Computational Methods for Predicting Bacteriophage Host Ranges
Bioinformatic approaches to computationally predict putative bacteriophage host ranges can be broadly classified into three categories: (i) alignment-based methods based on sequence homology and sequence similarity, (ii) alignment-free methods based on sequence composition and genomic features, and (iii) machinelearning- based methods.
Alignment Based Methods
The host specificity of bacteriophages is influenced by a variety of circumstances. As lysogenic prophages, temperate bacteriophages can integrate their own genomes into those of their bacterial hosts. This process frequently changes the host's phenotypic, which can result in higher fitness (for example, by providing antibiotic resistance, boosting virulence, creating toxins, or preventing additional (super) infections; see Touchon and colleagues' overview). At the same time, many bacterial hosts use a range of restriction-modification (RM) and clustered regularly interspaced short palindromic repeats (CRISPRs)/Cas (CRISPR-associated protein) techniques to defend themselves against aggressive bacteriophages and other invaders. In the latter situation, following infection (adaptation), a stretch of nucleotides from the invasive genetic material is incorporated into a CRISPR spacer array, which is then used as a guide to construct site-specific cleavages, ultimately leading to the demise of the invading bacteriophage (immunity). In both instances, the invading bacteriophage alters or causes changes to the host genome. Sequence homology (i.e., the common evolutionary lineage between sequences) and sequence similarity are used in alignment-based approaches to predict host ranges from sequence homology and similarity. Many alignment-based methods are simple to use, such as the most wellknown example, the Basic Local Alignment Search Tool (BLAST), which compares a user-provided viral sequence with those of potential bacterial hosts publically available in well-maintained (reference) databases. As a result, the comprehensiveness and completeness of the employed datasets limit the inference of virus–host connections using alignment-based approaches.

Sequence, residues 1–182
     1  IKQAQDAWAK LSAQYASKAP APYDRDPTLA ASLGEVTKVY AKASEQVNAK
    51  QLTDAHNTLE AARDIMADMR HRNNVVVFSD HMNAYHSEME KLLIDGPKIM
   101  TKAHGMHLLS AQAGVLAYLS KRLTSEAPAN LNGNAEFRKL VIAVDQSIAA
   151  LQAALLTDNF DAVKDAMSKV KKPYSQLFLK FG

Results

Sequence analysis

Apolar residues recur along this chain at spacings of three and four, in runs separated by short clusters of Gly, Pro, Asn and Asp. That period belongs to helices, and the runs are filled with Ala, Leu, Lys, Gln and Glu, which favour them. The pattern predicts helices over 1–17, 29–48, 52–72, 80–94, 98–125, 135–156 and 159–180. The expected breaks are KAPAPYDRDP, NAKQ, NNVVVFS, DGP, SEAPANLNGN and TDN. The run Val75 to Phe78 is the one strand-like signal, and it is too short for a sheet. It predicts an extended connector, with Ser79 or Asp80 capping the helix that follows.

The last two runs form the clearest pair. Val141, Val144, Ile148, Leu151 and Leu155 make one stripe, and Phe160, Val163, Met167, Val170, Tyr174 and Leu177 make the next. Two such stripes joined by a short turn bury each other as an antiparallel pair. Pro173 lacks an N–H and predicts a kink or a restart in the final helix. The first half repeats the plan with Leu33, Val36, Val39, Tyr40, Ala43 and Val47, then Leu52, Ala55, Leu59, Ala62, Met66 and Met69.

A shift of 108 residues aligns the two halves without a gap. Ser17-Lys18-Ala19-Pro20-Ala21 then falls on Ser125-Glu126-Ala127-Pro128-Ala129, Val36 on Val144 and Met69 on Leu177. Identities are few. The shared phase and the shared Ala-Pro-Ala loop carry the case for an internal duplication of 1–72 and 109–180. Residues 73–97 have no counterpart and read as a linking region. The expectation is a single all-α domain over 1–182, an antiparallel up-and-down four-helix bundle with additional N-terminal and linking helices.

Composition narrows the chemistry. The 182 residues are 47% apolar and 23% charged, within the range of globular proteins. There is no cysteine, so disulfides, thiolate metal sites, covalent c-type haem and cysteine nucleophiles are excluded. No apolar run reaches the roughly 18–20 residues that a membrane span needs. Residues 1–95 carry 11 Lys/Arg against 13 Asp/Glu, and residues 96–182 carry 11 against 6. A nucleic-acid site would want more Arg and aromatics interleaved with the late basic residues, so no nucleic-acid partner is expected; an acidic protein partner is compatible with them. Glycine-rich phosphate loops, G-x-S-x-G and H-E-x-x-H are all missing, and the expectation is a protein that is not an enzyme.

Databases of Bacteriophages and their Hosts
When possible, experimental evidence obtained through bacteriophage isolation and cultivation is used to determine bacteriophage host ranges. Experimental validation, on the other hand, is often time and labour intensive. Between the initial prediction and clear experimental confirmation that crAssphage–a highly prevalent bacteriophage in the human gut microbiome–can infect bacteria of the species Bacteroides–nearly half a decade passed. As a result, data on bacteriophage–host relationships is scarce, with information in the well-known National Center for Biotechnology Information (NCBI) RefSeq and GenBank databases frequently restricted to the genus and/or species level or limited to a few of samples. The Viral Host Range database (VHRdb), a webbased platform that incorporates host range data as an analysis tool and search engine, was recently launched with the goal of collecting more data by allowing researchers to directly share their experimental findings with the scientific community (at the time of writing, 16,715 interactions between 760 viruses and 1923 hosts have been recorded). Bacteriophage–host databases, such as VHRdb, are likely to play an important role in the development of future machine learning approaches, given the necessity for validated training datasets.